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Pronunciation (Anti-Antimoon) Part 1

Althorp – pronounced ‘Awltrup’** pronounced ‘Awl-throp’, ‘Awl-thrup’ or occasionally ‘Awl-thorp’, actually. And you misspelt it, it’s ‘Althorpe‘.
Belvoir – pronounced ‘Beever’** can be pronounced ‘Beever’ in some dialects but ‘Bel-vwar’ or ‘Bel-vwah’ is more common.
Cholmondely – ‘Chumli’** ‘Chum-lee’, I might have heard, but ‘Chum-on-lee’ is the pronunciation.
Featherstonehaugh – ‘Fanshaw’** Nope, you pronounce it ‘Feh-thur-stowne-haw’ properly. You may have heard ‘Fans-haw’ as we all shorten what we say. See below.* Greenhaugh‘ is pronounced ‘Gree-hn-ahl-sh’, also.
Leicester – ‘Lester’ Yep, pretty much. (‘Leh-hstuhr’)
Leominster – ‘Lemster’ ‘Low-minster’ and ‘Leh-mis-ter’ (the latter regional to somewhere down South) are the pronunciations. ‘Lem-ster’ is, again, just shortening it; but I’m sure you’ll find someone saying ‘Lee-oh-minster’
Leveson-Gower – ‘Loosen-Gaw’** ‘Lev-ee-sun Goh-wher’ and ‘Lev-eh-sun Goh-wher’ are the proper pronunciations, this is one that everyone everywhere pronounces differently. Good luck. As a surname one may pronounce it as you’ve said.
Magdalen – ‘Maudlin’** British = Mary Magdalen, pronounced ‘Maer-ee Mag-deh-lin’, but the Scottish will sometimes say ‘Mau-ad-lin’ for ‘Magdalen‘.
Mainwaring – ‘Mannering’** You’re confused. There’s the place Mannering, pronounced how it’s spelt, and Mainwaring, the surname that comes from ‘Angler’ and pronounced ‘Mannery’ or ‘Mannering’ with a short ‘ing’. See here.
Marjoribanks – ‘Marchbanks’** Spelt like you’ve picked a name; Margery Banks. It’s pronounced ‘Mahrsh-bahncks’ actually. Properly I think it might be ‘Mahr-o’er-ee-bahncks’ but I don’t know. This and ‘Featherstonehaugh‘ are interesting, see below.*
Ralph – ‘Rafe’ Nope, Ralph is pronounce ‘Rahlf’ (how you’d expect). Some people who pronounce their name ‘Rayfe’ may spell it ‘Ralph‘ but I haven’t seen an instance of that yet. So it’s just made up. E.g. ‘Ralph Fiennes‘ = ‘Rahlf Fyhnss’ (Ralph Fines). Again, see about use as a surname below**
Ranulph – ‘Ralph’ Ranulph‘ isn’t used anymore but you have it right.
St. John – ‘Sin Jin’ If short for ‘Saint John‘, then pronounced ‘Say-hnt Joh-hn’ (as you’d expect). Otherwise we are to assume you mean as a given name (as a surname would also be pronounced ‘Say-hnt Joh-hn’) for which, as the person (99,999,999,999.9r times in a trillion) is not a Saint, cannot be pronounced that way, and so we sound out ‘Sihn-Juhn’ (Sin Jun, not Sin Jin). The same goes for all given names that are ‘St. [something]’.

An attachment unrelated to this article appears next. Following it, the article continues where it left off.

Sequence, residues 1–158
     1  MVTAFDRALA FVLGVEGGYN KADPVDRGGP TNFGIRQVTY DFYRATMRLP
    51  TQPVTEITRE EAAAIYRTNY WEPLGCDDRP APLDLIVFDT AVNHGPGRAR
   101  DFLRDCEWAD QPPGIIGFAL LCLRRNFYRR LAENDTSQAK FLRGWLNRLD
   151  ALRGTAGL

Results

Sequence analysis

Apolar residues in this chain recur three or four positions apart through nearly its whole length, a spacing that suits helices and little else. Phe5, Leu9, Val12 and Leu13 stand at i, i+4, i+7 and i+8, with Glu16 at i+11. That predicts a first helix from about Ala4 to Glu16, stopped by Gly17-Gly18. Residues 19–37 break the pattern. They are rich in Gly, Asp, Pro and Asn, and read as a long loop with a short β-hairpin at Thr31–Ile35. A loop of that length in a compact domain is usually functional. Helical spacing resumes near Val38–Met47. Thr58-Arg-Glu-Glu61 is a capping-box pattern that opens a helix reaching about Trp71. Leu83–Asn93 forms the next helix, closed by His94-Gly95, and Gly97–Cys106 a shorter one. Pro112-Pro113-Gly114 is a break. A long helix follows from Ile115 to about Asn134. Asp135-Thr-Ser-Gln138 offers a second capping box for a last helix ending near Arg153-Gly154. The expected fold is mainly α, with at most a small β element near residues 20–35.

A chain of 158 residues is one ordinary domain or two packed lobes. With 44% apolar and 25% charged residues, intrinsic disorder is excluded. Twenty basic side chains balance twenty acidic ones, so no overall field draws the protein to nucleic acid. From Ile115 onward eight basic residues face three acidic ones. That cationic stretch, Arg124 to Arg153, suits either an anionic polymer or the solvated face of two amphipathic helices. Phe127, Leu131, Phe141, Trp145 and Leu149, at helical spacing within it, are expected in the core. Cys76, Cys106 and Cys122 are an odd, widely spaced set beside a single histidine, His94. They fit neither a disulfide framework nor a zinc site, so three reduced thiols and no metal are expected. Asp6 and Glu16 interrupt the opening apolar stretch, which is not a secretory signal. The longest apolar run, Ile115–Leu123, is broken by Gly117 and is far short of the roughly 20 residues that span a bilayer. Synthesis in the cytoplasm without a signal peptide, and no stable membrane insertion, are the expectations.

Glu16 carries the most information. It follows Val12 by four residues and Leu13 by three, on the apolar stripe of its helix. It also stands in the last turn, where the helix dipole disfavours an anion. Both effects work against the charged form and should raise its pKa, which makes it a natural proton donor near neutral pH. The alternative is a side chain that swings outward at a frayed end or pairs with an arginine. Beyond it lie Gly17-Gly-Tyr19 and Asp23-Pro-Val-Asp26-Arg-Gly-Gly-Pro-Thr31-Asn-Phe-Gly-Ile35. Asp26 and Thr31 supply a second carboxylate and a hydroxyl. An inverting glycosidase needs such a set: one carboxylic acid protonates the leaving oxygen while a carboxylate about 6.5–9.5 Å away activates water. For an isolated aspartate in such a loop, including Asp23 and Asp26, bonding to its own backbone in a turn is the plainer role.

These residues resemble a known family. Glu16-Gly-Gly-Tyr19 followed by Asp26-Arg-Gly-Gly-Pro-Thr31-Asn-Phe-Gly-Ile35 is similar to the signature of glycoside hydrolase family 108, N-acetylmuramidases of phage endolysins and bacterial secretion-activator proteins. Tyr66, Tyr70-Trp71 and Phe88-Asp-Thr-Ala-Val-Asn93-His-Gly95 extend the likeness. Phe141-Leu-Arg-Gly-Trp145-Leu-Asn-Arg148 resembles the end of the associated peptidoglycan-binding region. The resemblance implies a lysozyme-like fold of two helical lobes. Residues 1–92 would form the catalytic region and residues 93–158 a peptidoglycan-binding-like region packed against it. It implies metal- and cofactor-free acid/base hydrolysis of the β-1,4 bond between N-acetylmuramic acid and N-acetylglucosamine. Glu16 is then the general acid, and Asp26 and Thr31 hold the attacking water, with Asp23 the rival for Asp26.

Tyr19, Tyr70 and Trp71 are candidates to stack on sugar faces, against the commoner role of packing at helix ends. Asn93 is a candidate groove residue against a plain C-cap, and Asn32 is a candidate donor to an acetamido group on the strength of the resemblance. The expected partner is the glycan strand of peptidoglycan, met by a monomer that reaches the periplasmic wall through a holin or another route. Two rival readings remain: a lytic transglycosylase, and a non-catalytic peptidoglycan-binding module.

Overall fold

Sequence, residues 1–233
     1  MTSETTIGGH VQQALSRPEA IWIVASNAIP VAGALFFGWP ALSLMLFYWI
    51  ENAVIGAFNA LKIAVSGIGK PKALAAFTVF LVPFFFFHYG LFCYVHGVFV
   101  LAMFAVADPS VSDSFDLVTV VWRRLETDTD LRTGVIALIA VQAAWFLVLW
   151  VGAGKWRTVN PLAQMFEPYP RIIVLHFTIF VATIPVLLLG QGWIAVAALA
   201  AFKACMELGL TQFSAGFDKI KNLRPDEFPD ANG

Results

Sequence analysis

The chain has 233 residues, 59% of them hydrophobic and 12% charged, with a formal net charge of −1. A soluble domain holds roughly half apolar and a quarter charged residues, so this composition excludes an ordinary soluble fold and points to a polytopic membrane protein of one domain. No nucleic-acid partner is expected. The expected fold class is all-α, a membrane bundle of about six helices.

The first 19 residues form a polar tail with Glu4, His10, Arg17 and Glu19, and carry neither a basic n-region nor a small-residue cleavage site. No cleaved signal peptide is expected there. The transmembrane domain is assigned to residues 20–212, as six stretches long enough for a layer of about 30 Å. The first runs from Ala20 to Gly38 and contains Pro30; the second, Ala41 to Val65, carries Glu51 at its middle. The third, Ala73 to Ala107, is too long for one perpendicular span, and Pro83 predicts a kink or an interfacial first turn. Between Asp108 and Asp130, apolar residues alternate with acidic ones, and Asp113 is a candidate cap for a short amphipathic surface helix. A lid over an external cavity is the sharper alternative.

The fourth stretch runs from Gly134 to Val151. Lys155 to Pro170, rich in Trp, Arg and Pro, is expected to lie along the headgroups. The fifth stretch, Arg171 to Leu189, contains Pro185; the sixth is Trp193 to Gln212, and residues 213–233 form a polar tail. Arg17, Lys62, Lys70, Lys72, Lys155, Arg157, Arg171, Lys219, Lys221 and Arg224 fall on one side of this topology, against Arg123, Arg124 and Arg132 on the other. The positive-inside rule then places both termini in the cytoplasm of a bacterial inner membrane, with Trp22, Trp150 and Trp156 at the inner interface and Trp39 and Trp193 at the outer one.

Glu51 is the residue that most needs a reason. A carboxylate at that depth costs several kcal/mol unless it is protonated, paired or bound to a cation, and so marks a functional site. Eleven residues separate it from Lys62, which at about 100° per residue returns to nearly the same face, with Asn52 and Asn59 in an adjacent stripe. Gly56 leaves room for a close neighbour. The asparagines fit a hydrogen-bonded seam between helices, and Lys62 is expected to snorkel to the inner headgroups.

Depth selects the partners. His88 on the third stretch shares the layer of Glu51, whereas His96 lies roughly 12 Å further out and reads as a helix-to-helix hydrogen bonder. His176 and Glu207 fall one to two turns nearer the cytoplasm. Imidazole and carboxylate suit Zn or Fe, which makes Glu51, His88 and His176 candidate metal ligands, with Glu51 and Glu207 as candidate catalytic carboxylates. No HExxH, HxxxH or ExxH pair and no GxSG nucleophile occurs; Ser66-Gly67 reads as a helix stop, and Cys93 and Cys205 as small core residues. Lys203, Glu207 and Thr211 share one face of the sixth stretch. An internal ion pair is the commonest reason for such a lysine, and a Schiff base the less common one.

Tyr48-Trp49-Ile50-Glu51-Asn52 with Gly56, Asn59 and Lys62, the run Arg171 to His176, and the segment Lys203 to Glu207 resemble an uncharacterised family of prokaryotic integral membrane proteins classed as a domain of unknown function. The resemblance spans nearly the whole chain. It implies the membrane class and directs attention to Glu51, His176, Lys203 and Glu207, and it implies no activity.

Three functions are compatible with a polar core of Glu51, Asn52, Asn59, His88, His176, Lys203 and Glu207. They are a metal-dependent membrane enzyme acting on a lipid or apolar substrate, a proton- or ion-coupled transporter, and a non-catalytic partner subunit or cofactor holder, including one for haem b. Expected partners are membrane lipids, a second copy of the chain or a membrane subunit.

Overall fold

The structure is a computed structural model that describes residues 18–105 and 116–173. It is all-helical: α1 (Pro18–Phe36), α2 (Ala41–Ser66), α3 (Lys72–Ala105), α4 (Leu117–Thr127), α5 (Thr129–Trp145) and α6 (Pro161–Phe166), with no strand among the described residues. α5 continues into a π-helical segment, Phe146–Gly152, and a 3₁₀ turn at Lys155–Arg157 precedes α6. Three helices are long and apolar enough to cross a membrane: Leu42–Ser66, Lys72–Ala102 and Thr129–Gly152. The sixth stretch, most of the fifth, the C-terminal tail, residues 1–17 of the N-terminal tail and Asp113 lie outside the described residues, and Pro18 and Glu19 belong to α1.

Towcester – ‘Toaster’ (actually, this I can understand) pronounced ‘Tohw-stuhr’ but yep again.
Woolfardisworthy – ‘Woolseri’** See below* and check out links for other pronunciations.
Wriothesley – ‘Roxli’** ” “* ” “

*The great "how did it end up pronounced like that?" bit. Well, it's not really confusing to me, but I'm British.
 Here's some other website explaining to you that we, firstly, gave it a proper English pronunciation 
(as strange as Gaelic, some may say) then foreigners conquered nearly everywhere and messed it up and then we all talk fast and stuff 
(so, for example, 'London' becomes something like 'Luh'n') and drop letters ('hill' to 'ill' etc.) 
and have different dialects (in Birmingham ('Brummy'), and to some respect Liverpool ('Scouse'),
 'nine' is pronounced as if it were German ('neun' pronounced 'noy-hn') with the exception that the vowel 
is dragged out much more ('noy-yhn') and may sound a bit like the word 'noun'.). 
In some instances there would be one posh person who ended up with that name through ancestry 
(and possibly evil relatives who wanted to make life hard) and just didn't think of how to pronounce
 it but by shortening the sounds. There'd also be all their servants who wouldn't have a clue how to say it 
(or maybe they only ever heard their master say it and never saw it written) but the spelling would remain.
 Yahoo! AnswersWikipedia with a long and pretty comprehensive list***; 
**One may, with a surname(**), pronounce it far differently. 
The way I've given is a generic way, so locations, for general usage and, simply, as a word. 
So, if in an individual case it is a separate surname pronounced figuratively, do tell. Especially posh ones.
***This is not just of surnames, but also of locations etc. For locations (and if you read phonetics), see Wikipedia.
 
Here is a clever chap going about giving more odd pronunciations (I'm sure in English there's another 'o' in that...) 
About Antimoon Post: Can we just say that they're pretty much all wrong or you've taken the word as the surname
 of an Aristocrat who wants to pronounce their name funny instead of, for example, as the place. 
As place names they are pronounced quite normally (most of the time) but Earls ('Erh-hl[s]') and 
Viscounts ('Vih-cow-hnt[s]') and Barons ('Bah-hruhn[s]') and Marquises ('Mahr-kheeees') all like to confuse foreigners. 
A lot.
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  1. Pingback: Let’s get the pronunciation thing out of the way, shall we? « This one I am - 10-04-2012

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